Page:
1888: Langhorne Presbyterian Church, Langhorne, PA | Presbyterian Historical Society

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1888: Langhorne Presbyterian Church, Langhorne, PA

September 17, 2012
Langhorne Presbyterian Church, Langhorne, PA, undated

Philadelphia North Presbytery organized the Langhorne Presbyterian Church in the Odd Fellows Hall in that community on June 8, 1888. The next year the congregation built its first permanent building at Bellevue and Gillam Avenues. Over the years the church facilities have grown to fill both sides of the block of Gillam Avenue from Bellevue east to Route 413.

In July, 1911 the church's Christian Endeavor Society began a ministry to summer residents along the Neshaminy Creek at Parkland. This mission continued under the direction of the Session until 1958, when it was organized as the Parkland Presbyterian Church.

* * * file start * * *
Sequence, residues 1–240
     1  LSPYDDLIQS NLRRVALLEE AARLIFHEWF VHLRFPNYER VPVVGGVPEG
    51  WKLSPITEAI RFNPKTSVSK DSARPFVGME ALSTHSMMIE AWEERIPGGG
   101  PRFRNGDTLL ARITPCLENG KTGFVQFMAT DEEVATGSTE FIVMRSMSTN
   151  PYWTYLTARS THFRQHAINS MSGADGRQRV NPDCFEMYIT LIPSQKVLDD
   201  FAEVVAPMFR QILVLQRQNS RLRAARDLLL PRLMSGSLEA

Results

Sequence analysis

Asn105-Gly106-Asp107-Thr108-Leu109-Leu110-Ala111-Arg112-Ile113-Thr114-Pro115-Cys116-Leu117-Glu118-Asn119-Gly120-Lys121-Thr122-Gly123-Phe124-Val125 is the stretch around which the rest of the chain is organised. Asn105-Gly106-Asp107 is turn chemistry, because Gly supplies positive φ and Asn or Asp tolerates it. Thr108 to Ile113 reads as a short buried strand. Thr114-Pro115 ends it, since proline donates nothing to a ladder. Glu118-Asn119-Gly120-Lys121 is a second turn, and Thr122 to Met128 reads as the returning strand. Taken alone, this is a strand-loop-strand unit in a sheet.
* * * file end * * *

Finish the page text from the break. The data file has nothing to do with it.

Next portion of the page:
Langhorne Presbyterian Church grew with its community especially in the final two decades of the Twentieth Century. Growth in the 2000s has been noticeable among younger families and those without vital Christian faith as part of their upbringings. LPC has been known in the Langhorne area for its choir and music program for all ages, an innovative children’s ministry, youth outreach, and the care and compassion of its deacon ministry.

The life of the congregation is centered around worship and the proclamation of the Word, growth in a biblically sustained faith, a supportive community within the church, and intentional outreach into the community and to the ends of the earth. LPC’s vital mission presence stretches from lower Bucks County to North Philadelphia to missional partnerships in Burundi, East Africa, urban Brazil, and rural Guatemala.

This brief history was recently updated as a part of the Presbytery of Philadelphia’s 300th Anniversary Year of Celebration and Witness.  The story of the congregations throughout the Presbytery were revised to remind us of our past even as we live into the present and move towards God’s promised future. Read more about the 300th Anniversary: www.presbyphl.org/300th-Anniversary.